The Global Young People’s Convocation and Legislative Assembly (GYPCLA for you Methodist nerds) is an every-four-years gathering of young adults (clergy and laity) from United Methodist regions across the world. It was recently held last month in the Philippines during a hurricane.
From reading stories and having conversations with folks who went, it seems to have been a terrific experience.
The reporting, however, has had two odd frameworks that both bear correction to more accurately evaluate how this Convocation went and what it means for all of United Methodism.
#1: Reversing the Trend of LGBT Inclusion support?
The first odd framework comes from a familiar source of odd frameworks. The Institute on Religion and Democracy covered the Convocation in-person and on the way home breathlessly claimed that young United Methodists reject gay marriage petitions:
Three of these very clearly and directly addressed the question of church approval of homosexual practice…all three of these were considered, debated, and rejected…
This reverses the trend of the first two GYPCLAs, which both adopted homosexual-practice-affirming petitions. The first GYPCLA was held in South Africa in 2006 and the second was in Germany in 2010. The quadrennial event is organized by the Division on Ministries with Young People of the UMC’S General Board of Discipleship.
These recent votes also rebut the rather unnuanced claims some (generally older) people frequently make about how the church “has to” divorce itself from biblical and historic Christian teachings in order to pander to what “young adults” or “our young people” believe.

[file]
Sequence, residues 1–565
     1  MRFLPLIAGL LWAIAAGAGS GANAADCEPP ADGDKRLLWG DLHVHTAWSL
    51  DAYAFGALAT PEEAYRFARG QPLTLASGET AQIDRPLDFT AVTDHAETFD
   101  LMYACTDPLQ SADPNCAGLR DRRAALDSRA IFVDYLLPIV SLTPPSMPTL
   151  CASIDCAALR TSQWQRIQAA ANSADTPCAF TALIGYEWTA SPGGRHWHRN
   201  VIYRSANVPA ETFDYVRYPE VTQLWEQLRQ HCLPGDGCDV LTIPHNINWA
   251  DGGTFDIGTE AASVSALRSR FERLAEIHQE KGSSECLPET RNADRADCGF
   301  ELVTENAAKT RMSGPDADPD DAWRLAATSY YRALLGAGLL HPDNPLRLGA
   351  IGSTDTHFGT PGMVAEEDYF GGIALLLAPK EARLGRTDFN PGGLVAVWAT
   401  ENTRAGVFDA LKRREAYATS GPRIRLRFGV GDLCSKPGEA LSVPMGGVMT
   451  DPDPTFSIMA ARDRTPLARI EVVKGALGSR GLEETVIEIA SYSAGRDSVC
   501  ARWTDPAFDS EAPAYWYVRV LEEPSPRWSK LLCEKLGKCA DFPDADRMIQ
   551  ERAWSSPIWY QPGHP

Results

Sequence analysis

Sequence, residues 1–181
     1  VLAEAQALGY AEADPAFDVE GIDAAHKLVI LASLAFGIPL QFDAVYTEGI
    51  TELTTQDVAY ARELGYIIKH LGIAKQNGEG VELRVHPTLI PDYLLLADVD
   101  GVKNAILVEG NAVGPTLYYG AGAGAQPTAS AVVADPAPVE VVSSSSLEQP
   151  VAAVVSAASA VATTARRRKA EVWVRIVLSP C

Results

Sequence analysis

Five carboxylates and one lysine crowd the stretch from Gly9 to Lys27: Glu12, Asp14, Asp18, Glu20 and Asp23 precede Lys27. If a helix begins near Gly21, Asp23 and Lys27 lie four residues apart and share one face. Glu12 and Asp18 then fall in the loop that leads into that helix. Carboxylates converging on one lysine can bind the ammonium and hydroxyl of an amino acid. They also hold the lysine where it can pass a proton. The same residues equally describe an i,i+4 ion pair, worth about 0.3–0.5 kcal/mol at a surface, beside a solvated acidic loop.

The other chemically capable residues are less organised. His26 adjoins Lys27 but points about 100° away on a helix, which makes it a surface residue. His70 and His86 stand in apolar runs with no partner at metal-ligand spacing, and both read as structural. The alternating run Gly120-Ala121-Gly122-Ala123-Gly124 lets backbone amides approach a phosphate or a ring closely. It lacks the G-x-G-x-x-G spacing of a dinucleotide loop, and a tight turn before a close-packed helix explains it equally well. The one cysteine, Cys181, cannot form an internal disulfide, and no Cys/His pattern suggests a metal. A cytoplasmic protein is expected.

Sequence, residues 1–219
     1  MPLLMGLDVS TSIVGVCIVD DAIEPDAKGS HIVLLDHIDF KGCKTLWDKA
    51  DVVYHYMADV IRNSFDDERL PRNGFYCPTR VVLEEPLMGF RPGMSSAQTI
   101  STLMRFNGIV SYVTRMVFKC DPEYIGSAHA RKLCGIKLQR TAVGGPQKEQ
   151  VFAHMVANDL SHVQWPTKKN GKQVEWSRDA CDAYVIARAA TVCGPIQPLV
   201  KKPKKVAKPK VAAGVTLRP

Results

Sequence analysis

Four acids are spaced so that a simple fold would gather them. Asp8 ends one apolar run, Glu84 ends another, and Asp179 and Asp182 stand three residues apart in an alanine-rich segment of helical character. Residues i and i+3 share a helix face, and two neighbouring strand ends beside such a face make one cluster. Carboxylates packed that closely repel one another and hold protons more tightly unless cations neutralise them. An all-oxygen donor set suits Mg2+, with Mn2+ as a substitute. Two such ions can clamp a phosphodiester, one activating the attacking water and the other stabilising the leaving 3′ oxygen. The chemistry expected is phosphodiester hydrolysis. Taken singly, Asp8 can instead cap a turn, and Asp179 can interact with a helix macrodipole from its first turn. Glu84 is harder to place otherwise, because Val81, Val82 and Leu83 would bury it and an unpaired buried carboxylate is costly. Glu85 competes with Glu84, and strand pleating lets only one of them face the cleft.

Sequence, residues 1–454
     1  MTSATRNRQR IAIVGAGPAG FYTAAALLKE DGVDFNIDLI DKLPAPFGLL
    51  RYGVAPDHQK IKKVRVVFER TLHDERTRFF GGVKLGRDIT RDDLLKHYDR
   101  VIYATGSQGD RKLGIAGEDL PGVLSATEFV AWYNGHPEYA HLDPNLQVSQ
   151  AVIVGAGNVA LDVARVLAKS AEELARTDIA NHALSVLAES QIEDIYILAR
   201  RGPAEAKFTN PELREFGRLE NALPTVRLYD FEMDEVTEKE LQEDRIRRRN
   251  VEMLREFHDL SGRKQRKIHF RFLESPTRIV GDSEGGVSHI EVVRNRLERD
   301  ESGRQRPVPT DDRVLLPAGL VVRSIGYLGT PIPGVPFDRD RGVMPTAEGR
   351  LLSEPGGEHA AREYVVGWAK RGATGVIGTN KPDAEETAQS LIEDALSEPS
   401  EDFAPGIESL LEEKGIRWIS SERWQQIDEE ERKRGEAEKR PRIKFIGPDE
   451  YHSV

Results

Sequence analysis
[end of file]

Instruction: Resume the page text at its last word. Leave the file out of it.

The problem with this framework is twofold:
- First, the fact is that the vote wasn’t nearly as one-sided as one might think. In fact, the vote for the primary legislation failed because it tied: 54 votes for, 54 votes against (source: UM & Global). A tied vote doesn’t “rebut” anything other than assumptions that it would have passed or failed easily.
- Second, “reversing the trend” of the previous two GYPCLAs is also deceptive.
- In 2010, the LGBT affirming petition passed by 52% (per a legislative coordinator’s notes) while a generic petition affirming the 2008 majority report of the C&S (which didn’t mention LGBT issues explicitly) passed overwhelmingly.
- In 2006, a lukewarm petition (which made no mention of LGBT just “equality in ordination”) passed by a super-majority (per an attendee’s copious notes). Like most things, when we are not explicit about LGBT inclusion, the conversation fares better.
The framework that the GYPCLA rejected gay marriage and reversed previous endorsements is faulty. A more honest framework would state that like previous Convocations, the question is a 50/50 split among young people delegates from United Methodist regions across the world and that mirrors their age brackets (GenX and Millenials). And that how legislation is written influences how it is voted on.Update from the comments: The IRD corrects some of the numbers above in the comments, while Zzyzx reflects on the temperament before 2006.
#2: Who Bears Responsibility?
The second odd framework is that the tactics and behaviors of young adults at the Convocation mean that we need to look to GC2016 for a better model, rather than hold ourselves accountable for our sins in the past.
The Northwest Texas Annual Conference made a video about their GYPCLA experience. It is a very odd video in that half of it is enlivening video, and half of it is big block scary letters across the screen. Here it is and watch especially the section after :48